Will Boxing Ever Have Another Heavyweight Superstar?
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What has happened to the heavyweight division in boxing?
Many would take that question and extend it to the sport itself and ask why boxing isn't the sport that it was decades ago.
But if you really study the sport, it's obvious that boxing is not on its death bed. Boxing is all but impossible to kill. There are many great fighters who are pounding away, and one of them, Wladimir Klitschko, is the very impressive heavyweight champion of the world.
But Klitschko, despite all his skills, is not a worldwide superstar. There is no magic to his name even though he is a skilled boxer with explosive power.
The heavyweight division used to be about superstars. From Joe Louis to Rocky Marciano, heavyweights commanded the sporting world prior to the 1960s.
Then Muhammad Ali brought the heavyweight division to a new level. No heavyweight fighter has ever been able to dominate the world stage before or since the way Ali did. While he was stellar in the ring, his personality and politics had as much to do with his superstar status as his boxing ability.
Joe Frazier and George Foreman were also superstars, but it was Mike Tyson who had the most commanding presence after Ali.
Every time Tyson stepped into the ring, fans expected to see a vicious knockout. They usually got just that.
Evander Holyfield and Lennox Lewis were also heavyweight superstars.
But right now, the division does not have that kind of magic. Klitschko and his brother Vitali Klitschko almost seem too calm and reasonable to command fear in their opponents the way the other top heavyweights of their generations did.
Vitali Klitschko, 41, is almost certainly getting close to retirement. Wladimir Klitschko, 36, probably has several more good years left, but he is not ever going to have that charisma that commands the public.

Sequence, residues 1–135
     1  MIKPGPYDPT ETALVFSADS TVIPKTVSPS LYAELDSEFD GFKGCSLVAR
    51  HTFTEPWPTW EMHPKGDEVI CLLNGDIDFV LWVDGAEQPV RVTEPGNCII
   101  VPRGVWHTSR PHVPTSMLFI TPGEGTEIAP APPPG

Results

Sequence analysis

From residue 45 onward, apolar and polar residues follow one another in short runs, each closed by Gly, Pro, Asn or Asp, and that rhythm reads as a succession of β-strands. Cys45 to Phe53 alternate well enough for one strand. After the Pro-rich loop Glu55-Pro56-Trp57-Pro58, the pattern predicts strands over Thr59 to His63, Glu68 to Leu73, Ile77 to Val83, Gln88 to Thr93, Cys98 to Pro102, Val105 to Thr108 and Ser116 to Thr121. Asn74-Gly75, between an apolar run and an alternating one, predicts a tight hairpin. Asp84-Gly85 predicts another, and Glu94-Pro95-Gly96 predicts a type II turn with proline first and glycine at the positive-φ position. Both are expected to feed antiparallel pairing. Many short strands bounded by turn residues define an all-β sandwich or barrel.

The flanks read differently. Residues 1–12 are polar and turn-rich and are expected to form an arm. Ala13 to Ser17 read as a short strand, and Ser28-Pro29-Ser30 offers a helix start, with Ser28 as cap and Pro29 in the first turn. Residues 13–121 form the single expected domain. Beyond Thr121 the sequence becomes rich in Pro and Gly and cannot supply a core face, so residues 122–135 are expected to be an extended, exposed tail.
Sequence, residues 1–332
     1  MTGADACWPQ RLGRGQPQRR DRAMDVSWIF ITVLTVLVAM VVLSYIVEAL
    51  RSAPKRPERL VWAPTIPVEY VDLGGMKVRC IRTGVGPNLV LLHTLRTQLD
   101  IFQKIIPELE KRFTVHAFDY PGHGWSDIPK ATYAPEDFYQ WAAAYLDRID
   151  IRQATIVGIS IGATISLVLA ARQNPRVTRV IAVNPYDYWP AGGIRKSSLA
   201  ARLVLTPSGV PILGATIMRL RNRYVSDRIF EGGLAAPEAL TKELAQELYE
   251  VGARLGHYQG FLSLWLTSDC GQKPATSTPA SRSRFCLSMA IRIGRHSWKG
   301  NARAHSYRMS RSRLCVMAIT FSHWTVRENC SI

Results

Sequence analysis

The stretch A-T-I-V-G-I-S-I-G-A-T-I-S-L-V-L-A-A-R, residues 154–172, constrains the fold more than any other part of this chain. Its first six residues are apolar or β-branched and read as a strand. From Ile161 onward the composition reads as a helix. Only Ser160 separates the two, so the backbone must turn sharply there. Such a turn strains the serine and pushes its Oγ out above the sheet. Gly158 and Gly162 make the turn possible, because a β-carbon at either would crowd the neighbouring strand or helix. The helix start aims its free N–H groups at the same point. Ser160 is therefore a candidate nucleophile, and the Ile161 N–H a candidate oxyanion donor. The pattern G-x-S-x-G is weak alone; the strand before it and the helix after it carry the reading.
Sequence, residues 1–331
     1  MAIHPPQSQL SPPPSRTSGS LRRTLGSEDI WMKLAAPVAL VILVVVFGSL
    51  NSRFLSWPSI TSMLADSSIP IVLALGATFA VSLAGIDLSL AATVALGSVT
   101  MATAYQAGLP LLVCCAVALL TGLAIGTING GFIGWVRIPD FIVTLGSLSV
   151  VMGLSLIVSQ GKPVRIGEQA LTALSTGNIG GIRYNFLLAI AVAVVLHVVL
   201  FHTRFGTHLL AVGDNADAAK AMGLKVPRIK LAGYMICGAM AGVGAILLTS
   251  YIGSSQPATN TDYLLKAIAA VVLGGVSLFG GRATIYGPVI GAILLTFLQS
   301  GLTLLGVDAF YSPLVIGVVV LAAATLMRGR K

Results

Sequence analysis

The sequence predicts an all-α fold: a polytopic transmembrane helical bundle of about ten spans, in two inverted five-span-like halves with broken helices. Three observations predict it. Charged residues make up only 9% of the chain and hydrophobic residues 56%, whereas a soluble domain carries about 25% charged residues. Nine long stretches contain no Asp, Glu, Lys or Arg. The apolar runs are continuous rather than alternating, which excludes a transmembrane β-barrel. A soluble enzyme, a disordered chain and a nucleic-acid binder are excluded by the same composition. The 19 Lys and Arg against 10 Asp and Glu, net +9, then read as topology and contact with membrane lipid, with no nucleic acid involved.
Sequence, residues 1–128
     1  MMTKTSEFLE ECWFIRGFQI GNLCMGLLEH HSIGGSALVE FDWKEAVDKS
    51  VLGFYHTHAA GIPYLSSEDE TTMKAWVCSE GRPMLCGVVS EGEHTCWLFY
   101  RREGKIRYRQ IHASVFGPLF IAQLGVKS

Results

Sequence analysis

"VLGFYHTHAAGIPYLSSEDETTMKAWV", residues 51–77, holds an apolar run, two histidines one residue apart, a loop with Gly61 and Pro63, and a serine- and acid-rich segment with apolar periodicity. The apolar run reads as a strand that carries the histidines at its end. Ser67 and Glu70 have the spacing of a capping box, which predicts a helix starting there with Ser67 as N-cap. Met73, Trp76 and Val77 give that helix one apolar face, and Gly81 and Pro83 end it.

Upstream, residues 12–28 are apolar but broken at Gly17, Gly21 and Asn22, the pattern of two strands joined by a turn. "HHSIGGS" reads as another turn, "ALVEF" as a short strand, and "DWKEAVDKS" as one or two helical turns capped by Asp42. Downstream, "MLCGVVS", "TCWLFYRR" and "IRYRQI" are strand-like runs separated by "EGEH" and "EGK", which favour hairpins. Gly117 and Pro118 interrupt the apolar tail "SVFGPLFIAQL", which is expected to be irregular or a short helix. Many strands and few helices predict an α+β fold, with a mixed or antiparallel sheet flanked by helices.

None of the top heavyweight contenders seem to have it as well. The better fighters like Kubrat Pulev, Tomasz Adamek, David Haye and Alexander Povetkin don't have the kind of recognition or commanding presence to be considered superstars.
British fighter Tyson Fury, 24, would seem to have the kind of name and size at 6'9", 248 pounds to command the world's attention, but he often makes mistakes in the ring.
It takes more than championship ability to become a heavyweight superstar.
If it didn't, Larry Holmes would have been considered a superstar during his championship run from 1978 through 1985. He was a thoroughly skilled boxer with a stiff left hand, excellent defensive skills and the ability to pounce on a weakened opponent.
However, he was not charismatic.
That's basically the same criticism of Wladimir Klitschko.
So, the top fighters in the sport today are non-heavyweights Floyd Mayweather, Andre Ward, Juan Manuel Marquez and perhaps Manny Pacquiao. Canelo Alvarez, Nonito Donaire and Adrien Broner may be right behind.
The lack of a heavyweight presence among the best up-and-coming fighters does not signify anything other than the cyclical nature of the sport.
At some point, it seems likely a young, explosive and verbose heavyweight will surface. If that fighter is also American, the chances are that the division will once again have a superstar presence.
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